May 5, 2013

The Art and Risk of Silence and Self-Disclosure

Filed under: Ann the Columnist:Essays — Ann @ 8:25 am


Listening to Terry Tempest Williams being interviewed last night on NPR’s “To The Best of Our Knowledge,” I was captivated by her discussion of women’s self-silencing. Williams is the author of “When Women Were Birds,” a book built around the fact that when, based on her mother’s death-bed invitation, she went to the family home a month post-funeral to read her mother’s journals (three shelves of cloth-bound books), she discovered that every page was blank.

In Williams’ words:

“You know, when I saw those…journals, I thought, finally I can read what my mother was thinking. And then the first blank, the second blank, the third, the fourth, the fifth, the sixth, all of my mother’s journals blank. It was like a second death and I just stuffed that down into the toes of my boots and just didn’t deal with it. And really…it wasn’t until I was 54, the age my mother was when she died that I brought that story back into consciousness, thinking, OK, why. What was my mother really trying to say to me?”

And later in the interview:

“[My mother] spoke to me but I know there’s so much she never said. I saw the price that my mother paid for remaining silent. I saw the price that my mother paid for her grace and I think as her daughter I was very conscious of my anger. Call it sacred rage. You know, I think in some areas I have found my voice through my anger. I also have to say in the beginning I thought I was writing a book about voice but I think in the end I may have written a book about silence. What do we speak of? What do we withhold? And I think that’s a constant assessment for women because the consequences when we speak out.”

These words hit me hard. I’m a writer. I write at every opportunity. I have kept journals since I was a teen, and this blog for several years. I also post regularly on Facebook, write reviews for Yelp and Amazon, and have even been published (in Woman’s Day, Sierra Life, and various local newspapers). I’m such a compulsive writer that I keep a notepad by my bed (for dreams) and yellow Post-It notes on my living room end table, so that I can scrawl down random thoughts at need. If you opened my seldom-used checkbook, you would find its pages ornamented with scribbles written furiously at stoplights — the checkbook being the only available paper when inspiration hits while driving.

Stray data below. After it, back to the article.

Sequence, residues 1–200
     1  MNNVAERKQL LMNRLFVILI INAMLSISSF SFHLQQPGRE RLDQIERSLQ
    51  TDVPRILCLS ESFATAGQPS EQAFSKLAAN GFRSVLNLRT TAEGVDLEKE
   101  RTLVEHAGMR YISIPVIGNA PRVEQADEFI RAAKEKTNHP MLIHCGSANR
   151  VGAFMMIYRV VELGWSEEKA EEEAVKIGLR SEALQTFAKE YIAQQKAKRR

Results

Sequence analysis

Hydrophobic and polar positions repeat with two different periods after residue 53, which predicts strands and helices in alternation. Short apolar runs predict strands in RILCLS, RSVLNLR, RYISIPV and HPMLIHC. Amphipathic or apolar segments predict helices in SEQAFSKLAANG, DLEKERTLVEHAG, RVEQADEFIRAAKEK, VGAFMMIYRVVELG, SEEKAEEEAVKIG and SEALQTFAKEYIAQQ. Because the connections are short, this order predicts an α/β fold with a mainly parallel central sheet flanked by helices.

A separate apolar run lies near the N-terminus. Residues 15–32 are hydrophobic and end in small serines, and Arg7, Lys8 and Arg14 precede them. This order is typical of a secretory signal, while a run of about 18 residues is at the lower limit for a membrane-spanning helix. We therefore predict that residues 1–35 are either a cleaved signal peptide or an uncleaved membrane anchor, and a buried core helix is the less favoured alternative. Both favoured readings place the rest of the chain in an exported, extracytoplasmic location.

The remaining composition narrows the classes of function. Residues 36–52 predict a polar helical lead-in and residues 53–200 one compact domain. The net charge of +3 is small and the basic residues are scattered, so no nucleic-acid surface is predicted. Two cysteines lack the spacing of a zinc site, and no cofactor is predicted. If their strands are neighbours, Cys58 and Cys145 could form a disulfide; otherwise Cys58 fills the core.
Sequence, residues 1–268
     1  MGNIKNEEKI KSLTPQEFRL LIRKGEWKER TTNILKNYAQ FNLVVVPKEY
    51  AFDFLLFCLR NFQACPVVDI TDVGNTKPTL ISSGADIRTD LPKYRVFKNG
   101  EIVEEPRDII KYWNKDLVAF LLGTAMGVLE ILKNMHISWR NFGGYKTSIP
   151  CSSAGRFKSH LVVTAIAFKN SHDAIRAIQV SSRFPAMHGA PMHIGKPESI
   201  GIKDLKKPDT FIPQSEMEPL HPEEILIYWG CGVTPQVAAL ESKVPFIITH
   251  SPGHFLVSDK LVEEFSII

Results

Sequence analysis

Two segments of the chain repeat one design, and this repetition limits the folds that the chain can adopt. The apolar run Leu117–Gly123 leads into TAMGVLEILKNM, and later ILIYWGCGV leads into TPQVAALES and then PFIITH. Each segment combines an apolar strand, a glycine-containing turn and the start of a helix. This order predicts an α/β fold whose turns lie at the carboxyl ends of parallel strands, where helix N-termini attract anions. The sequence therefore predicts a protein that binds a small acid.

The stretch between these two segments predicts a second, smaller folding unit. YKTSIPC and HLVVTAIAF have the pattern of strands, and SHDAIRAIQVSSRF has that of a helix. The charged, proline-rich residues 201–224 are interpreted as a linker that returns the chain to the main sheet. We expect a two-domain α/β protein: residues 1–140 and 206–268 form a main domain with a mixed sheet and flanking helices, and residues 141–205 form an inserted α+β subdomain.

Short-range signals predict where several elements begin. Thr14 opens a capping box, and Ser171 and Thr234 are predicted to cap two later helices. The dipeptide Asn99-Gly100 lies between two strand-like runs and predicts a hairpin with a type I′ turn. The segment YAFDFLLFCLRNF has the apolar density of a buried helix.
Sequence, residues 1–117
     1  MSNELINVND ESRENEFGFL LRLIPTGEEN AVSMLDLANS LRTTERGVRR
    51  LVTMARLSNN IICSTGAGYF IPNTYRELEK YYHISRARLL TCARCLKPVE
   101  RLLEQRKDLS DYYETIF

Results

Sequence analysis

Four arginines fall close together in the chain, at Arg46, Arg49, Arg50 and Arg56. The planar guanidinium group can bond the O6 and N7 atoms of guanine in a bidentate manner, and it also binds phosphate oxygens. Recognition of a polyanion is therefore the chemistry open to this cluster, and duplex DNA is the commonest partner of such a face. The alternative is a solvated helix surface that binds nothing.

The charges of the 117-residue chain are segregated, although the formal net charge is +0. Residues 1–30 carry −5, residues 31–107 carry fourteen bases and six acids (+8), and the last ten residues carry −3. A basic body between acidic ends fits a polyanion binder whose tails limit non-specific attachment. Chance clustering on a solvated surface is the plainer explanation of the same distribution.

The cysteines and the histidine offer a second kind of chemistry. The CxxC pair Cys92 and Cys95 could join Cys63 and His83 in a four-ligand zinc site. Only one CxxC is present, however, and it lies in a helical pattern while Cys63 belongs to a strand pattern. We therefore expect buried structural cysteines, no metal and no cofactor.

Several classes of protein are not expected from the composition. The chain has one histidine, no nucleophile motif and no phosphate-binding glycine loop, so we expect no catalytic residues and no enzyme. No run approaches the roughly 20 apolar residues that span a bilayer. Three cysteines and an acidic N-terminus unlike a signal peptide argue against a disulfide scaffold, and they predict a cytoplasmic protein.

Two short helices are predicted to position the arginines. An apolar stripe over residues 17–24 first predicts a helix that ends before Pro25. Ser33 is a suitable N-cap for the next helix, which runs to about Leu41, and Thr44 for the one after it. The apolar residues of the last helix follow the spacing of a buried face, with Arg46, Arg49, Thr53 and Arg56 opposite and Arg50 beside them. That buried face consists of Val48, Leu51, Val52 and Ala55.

And, in every writing, the urge to censor myself has been keenly felt, whether because of the critical audience in my head, fear of offending, or just plain fear of being seen too clearly, too well. Our culture has long heralded the “strong, silent type.” We all know that familiarity breeds contempt. My own beautiful mother keeps so much of herself TO herself that on the rare occasion when she discloses something personal to me it’s as if she has offered me a rare and fragile gift. I’m almost afraid to take it in for fear of breaking it in my clumsy appreciation. And I have always wanted to be like my mother, but this writing compulsion betrayed me from an early age.

I have long disdained being ruled by fear. Legislation by fear, management by fear, fear-driven decision-making, fear-driven behaviors — nothing good ever comes from letting fear govern our lives. And yet, every time I write something about myself, I feel that twinge of self-doubt: Should I not say that? Will this come back to bite me? Does that seem strange? Is this offensive? Although of course our public voice must be tempered with equal measures of compassion and good judgment, that kind of second-guessing robs writing and life of its rich spontaneity.

Towards the end of her interview, Williams said this:

“I still choose to speak because I think that that which is most personal is most general. And I do have a voice in the world. And if I’m afraid then I know that other people are afraid too.”

Hearing that, I felt something catch in my chest. For a moment I imagined the exhilaration of speaking one’s mind with courage, of writing one’s words without fear followed by deletion. I think, to an extent, we are all afraid to be truly known, to be “found out.” But I also know that — in the words of my dear friend Rachel — when we “unzip and show our souls,” some of the most brilliant and breathtaking connections can be made with others, and I know that true intimacy is born in those moments of knowing one another and being known, fearlessly. It mystifies me that there’s a trade-off. I will never have my mother’s grace and mystery, for my words are everywhere now, my life’s graffiti, sometimes elegant, sometimes not. There exists a written record of this experience I choose to call the quest for self-actualization but in reality is just me, noticing. My mother notices with still and undocumented sureness. I notice in big broad noisy strokes. Like Williams’ mother’s empty journals, these choices are the stories of our lives.

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